It’s one of the oldest clichés in the book: he’s in a class by himself.

But for one shining moment June 5, Gavino Galvan will come close to fulfilling the maxim. That’s a Friday, and with the UIL state track and field meet set for the next day up in Austin, Galvan will receive his diploma in a special ceremony in the Capital City.

So right about the time his long-time classmates from Econ walk down the aisle in Edinburg Saturday, the senior pole-vaulter will be squaring off with the seven other top jumpers in Texas for all the marbles, the state gold medal.

“It’s good, I am going to be excited, to be graduating in Austin,” said Galvan at his daily workout Tuesday. “I mean, I will miss being with friends, but this is a unique opportunity.”

Coach Doug Erickson will award the diploma to his prize pupil up north, with Galvan’s parents, both local educators, in the “crowd.”

What a way to end a Cinderella spring. Sound crazy? It may be, but it gets even wilder when one considers that Galvan, who saved his two best leaps for last at season’s end, almost didn’t make it to his senior season. An emergency appendectomy in December robbed the lean vaulter of over two months of training time under Erickson’s rigorous and calculated schedule. Erickson praised the surgeon that did the job.

“If he hadn’t been so meticulous with laser work, really cut into muscle like they used to, Gavino would have missed the season,” Erickson commented. “But Gavino is such a dedicated athlete, works so hard, that he was able to come back and gradually reach the point he’s at now.”

And it’s quite a point, as Galvan will become only the second athlete in school history to appear at the state meet, after legendary long-distance runner Randy Salazar made it twice each in track and cross country from 2000-2001. He’s also the last competitor alive from the city for 2009.

There are many reasons why Galvan has scaled the heights to join the state kings, from his superb work ethic and expert coaching to his graduation to a longer pole the past six weeks. Add it all up, and the 120-pounder is psyched for the biggest day of his life.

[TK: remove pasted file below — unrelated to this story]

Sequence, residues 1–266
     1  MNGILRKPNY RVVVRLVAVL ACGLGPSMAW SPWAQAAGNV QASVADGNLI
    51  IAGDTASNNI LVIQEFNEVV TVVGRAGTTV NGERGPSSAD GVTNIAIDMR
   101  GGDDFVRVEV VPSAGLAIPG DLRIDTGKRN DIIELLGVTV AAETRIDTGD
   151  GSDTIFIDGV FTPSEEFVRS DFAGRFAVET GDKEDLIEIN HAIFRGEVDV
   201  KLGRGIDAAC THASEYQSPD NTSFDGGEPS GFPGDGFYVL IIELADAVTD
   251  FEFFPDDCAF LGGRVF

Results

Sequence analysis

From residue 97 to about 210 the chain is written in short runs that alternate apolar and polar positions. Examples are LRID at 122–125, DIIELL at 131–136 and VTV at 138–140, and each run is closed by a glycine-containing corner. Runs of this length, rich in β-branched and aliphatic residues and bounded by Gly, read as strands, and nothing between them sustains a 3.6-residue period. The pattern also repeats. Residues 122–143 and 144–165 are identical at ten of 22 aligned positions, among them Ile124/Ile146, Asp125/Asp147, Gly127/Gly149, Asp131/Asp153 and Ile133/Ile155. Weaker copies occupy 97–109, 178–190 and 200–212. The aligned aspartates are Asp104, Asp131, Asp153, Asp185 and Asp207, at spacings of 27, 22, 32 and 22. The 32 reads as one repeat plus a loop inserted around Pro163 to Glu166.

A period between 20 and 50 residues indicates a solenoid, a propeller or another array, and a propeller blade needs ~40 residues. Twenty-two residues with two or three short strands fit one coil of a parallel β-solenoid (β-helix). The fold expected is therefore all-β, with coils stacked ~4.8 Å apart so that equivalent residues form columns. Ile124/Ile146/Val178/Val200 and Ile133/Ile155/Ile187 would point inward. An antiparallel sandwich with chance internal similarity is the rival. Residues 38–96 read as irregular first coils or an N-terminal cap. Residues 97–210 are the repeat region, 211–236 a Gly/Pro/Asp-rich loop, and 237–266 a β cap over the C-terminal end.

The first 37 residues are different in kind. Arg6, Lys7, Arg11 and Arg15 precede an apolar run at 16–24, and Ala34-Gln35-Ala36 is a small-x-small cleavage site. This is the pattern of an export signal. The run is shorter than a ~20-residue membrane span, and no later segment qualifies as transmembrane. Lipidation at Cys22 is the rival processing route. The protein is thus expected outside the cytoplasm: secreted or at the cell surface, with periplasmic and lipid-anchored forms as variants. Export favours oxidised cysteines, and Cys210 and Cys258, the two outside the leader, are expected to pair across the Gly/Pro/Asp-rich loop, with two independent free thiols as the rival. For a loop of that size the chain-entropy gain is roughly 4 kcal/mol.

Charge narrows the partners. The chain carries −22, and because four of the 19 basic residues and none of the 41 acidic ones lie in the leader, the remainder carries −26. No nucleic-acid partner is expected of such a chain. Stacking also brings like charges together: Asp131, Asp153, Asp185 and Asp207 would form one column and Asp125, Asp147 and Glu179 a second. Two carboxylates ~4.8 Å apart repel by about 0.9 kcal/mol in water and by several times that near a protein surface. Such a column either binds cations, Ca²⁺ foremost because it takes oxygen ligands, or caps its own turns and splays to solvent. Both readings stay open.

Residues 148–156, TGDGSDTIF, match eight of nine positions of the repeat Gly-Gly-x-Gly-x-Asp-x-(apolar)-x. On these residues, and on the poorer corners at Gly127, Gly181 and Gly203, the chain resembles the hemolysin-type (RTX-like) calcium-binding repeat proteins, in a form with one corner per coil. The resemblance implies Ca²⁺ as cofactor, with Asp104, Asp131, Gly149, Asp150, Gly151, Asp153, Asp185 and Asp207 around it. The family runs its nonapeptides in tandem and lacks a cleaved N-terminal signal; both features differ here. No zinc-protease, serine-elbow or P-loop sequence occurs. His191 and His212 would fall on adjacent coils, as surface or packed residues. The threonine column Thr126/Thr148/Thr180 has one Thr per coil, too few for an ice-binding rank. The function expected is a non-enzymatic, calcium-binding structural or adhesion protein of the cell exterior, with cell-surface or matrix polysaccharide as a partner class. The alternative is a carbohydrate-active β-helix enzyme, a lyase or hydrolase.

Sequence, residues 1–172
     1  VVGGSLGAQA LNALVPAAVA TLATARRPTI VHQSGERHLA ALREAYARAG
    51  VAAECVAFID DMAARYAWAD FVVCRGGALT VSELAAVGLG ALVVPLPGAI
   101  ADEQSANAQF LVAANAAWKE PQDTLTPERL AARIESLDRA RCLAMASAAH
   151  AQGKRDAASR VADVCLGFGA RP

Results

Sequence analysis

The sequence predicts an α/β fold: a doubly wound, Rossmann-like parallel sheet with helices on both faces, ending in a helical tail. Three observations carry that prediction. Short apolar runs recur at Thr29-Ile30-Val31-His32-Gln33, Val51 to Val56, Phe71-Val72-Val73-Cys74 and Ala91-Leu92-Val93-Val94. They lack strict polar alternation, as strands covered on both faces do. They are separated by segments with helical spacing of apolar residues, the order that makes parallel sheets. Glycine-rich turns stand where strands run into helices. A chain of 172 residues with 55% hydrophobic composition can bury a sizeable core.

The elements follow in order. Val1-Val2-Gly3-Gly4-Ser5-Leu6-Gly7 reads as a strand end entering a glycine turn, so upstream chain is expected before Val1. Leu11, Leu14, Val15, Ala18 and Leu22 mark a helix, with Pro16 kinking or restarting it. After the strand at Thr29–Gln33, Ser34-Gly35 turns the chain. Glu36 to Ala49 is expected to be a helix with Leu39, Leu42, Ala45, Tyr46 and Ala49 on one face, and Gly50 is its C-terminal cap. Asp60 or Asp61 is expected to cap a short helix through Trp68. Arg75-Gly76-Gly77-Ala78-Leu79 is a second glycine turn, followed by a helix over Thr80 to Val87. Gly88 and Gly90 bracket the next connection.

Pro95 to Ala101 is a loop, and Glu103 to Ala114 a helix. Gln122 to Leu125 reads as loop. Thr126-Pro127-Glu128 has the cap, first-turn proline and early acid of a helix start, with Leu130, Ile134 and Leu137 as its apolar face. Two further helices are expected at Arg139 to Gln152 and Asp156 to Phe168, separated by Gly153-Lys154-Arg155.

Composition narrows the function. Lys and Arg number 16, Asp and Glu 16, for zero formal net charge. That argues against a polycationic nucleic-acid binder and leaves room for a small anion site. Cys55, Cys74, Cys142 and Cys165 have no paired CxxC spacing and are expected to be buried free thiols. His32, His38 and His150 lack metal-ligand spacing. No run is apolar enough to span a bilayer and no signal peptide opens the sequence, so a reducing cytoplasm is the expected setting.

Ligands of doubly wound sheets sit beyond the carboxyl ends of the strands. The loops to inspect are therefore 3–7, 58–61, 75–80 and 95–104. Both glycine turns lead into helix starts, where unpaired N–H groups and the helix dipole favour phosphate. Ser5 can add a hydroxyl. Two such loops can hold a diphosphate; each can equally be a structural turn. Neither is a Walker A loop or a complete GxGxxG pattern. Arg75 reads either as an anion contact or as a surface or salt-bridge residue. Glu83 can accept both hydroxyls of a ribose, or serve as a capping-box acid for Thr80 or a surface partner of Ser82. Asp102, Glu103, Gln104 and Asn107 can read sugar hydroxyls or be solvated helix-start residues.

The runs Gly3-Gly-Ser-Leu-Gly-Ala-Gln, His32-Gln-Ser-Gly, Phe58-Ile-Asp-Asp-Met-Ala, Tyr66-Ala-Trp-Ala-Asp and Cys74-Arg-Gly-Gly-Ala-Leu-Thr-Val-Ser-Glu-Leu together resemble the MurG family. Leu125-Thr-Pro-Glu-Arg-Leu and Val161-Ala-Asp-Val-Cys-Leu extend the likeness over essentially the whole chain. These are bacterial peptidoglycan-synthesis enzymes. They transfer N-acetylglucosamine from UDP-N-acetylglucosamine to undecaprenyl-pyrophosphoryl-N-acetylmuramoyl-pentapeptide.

“I kind of knew I would make it to state, I am peaking when it counts,” said the senior, who has the right combination of confidence and realism. “And I think I can do well up there. I want to bring back a medal. It’s what I’ve been striving toward for four years.”

Under the tutelage of Erickson, a former college coach who breaks down the plan from workout to the meet like a scientist, Galvan has thrived, upping the bar with every outing. The latter also wanted to give a special shout-out to Chico Jimenez, who guided the leaper through the early stretches of his career.

“When I was a freshman, I was pretty bad, actually,” chuckled the jovial Galvan, always a clever and engaging sort. “Coach Jimenez told me that if I did what they said, I would be taking everyone to state as a senior. So I kept getting better and finally, this year at the regionals, Coach Jimenez came up to me and he said, ‘I told you so, Gavino.’”

At regionals, Gavino cleared 15-0 easily, armed with the longer pole that gives him an extra burst of power. He’d had to tap out with the shorter pole late in the campaign and gather up the nerve to master the more energetic stick, and did just that.

“I was up there at 15-6 and I think I could have gotten it, except the sun came out,” he explained. “It had been a cloudy day and then we had to jump into the sun. It blinded me and I couldn’t find the bar. I had the approach and the jump, I just didn’t finish.”

It’s probably going to take a leap of 16-0 or better to win the meet, but Galvan, who is beginning to contemplate a college career now and has cleared 15-3, feels sure he can make it happen. Erickson says that despite his diminutive size compared to the other athletes, Galvan has magnificent details and is totally cool under pressure.

“He is so proficient with technique, already good enough for the college level,” said the coach. “Plus, he has done all the workouts and the learning. I would like all the athletes this school to see the example Gavino has set. He never takes a day off, he always does what we ask and more, the college coaches are getting a guy with no bad habits. He really has the potential to be successful at the next level.”

As the week wore on, the pair could be found at Cats Stadium, fine-tuning for state. Under Erickson’s 14-day cycle, Galvan went heavy for three days and later began “unloading” through simulated meets designed to foster a progression toward the actual event, Saturday. The coach believes that Galvan will have the endurance to stand up under fire, and he knows that his Austin-bound athlete has the skills and fire to make his mark.

Tuesday, Galvan explained the mechanics behind each of the poles he uses, noting that now, once he hits the ground with the new one, the magic takes care of itself.

“When I’m standing there and they give me the signal and ask me if I’m ready, I just get energized,” he beamed. “I’m like, ‘Alright!’ and I just go.”

So don’t look for Gavino Galvan at the Jags commencement Saturday. He has matriculated into the rare air of the state’s elite athletes, and if all goes as planned, he will graduate with Lone Star pole-vault honors.